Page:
- The Washington Times - Tuesday, December 11, 2001

Fifty-seven days after an anthrax-packed letter caused the Hart Senate Office Building to close, half of the U.S. Senate and hundreds of congressional staffers are still in limbo squeezed into cramped offices and scattered around Capitol Hill.
Adding to the frustration of being displaced, one congressional staffer says she recently learned that all of the plants in her office have died.
Bette Phelan, a nine-year member of Louisiana Sen. John B. Breaux's staff, says things could be a lot worse at least the goldfish are OK.
Arrangements have been made, she said, to feed Mr. Breaux's beloved fish, circling in a bowl just a few doors down from where the anthrax letter was opened Oct. 15 in the office of Senate Majority Leader Tom Daschle.
The Environmental Protection Agency yesterday said it still is not sure that a toxic gas pumped last week into Mr. Daschle's office successfully killed lingering anthrax spores.
In the meantime, congressional staffers remain "doubled- and tripled-up in small spaces" around Capitol Hill, said Molly Rowley, a staffer for Mr. Daschle.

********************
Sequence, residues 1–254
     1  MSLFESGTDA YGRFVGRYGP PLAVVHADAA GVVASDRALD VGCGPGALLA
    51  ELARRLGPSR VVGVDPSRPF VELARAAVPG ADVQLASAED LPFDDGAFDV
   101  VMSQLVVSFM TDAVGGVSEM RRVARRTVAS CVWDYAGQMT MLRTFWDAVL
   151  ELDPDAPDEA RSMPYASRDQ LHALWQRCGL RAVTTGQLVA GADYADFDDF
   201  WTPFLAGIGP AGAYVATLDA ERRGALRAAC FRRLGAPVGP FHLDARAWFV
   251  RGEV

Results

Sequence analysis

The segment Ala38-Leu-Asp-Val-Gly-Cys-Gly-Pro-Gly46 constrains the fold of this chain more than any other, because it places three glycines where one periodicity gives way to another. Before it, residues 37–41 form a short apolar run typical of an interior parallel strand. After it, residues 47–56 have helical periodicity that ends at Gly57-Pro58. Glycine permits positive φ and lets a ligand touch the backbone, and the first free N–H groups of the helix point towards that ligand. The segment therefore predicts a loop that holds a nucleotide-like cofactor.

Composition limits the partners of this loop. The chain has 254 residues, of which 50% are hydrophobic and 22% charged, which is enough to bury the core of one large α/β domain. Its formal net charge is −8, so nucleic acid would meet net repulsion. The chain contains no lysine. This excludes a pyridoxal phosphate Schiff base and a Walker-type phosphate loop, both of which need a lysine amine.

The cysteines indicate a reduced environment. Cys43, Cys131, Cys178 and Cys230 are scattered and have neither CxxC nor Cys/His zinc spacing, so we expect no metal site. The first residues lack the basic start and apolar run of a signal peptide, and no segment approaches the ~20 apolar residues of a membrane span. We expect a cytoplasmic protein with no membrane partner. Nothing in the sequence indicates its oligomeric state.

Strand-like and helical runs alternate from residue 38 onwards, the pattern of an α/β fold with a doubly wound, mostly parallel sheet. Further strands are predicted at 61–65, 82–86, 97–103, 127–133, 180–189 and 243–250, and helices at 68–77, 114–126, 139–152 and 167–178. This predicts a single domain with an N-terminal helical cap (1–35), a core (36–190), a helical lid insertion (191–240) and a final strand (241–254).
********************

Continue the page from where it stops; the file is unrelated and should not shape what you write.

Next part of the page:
"In the past, we were always a close staff. We're getting a whole lot closer now, physically and emotionally."
Miss Rowley said one batch of displaced staffers, ousted from their offices on the sixth floor of the Hart building, found refuge in what for years has been a little-known, little-used pocket of the Russell Senate Office Building called the "Senate Knitting Room."
Staffers for the Democratic Policy Committee are filling every inch of the cramped spot with laptop computers and policy plans, but they can't use the cabinets because "there are still old balls of yarn and knitting needles in there," Miss Rowley said.
"It once was a place where senators' wives could kill some time and knit a sweater or a sock," she said. "Instead of making sweaters, we're trying to make some policy in that room now."
When the Hart building closed, Mr. Breaux, a Democrat and chairman of the Committee on Special Aging, was able to shift his staff into the committee's four small offices on the first floor of the Dirksen Senate Office Building.
"We've sort of invaded these offices; we're really squeezing in," said Brian Weiss, a first-year staffer, who left a job in New York to work on Capitol Hill.
There are no plants or fish, but things are "comfy," said Miss Phelan.
"We're sharing phones, sharing faxes and computers. It's very primitive in a lot of ways," she said
Mr. Weiss said he took a job for Mr. Breaux to get closer to politics and he "certainly never expected to be running out of buildings [in which to work] and taking 60 days of antibiotics.
"But," he added, "I wouldn't even call our situation bad compared to what the postal workers have gone through we're just inconvenienced."
Miss Rowley, a seven-year member of the staff for Mr. Daschle, South Dakota Democrat, said compared with past years, this year has been the most hectic.
There's never a dull moment, she said.
"The whole year's been a wild ride," Miss Rowley said.

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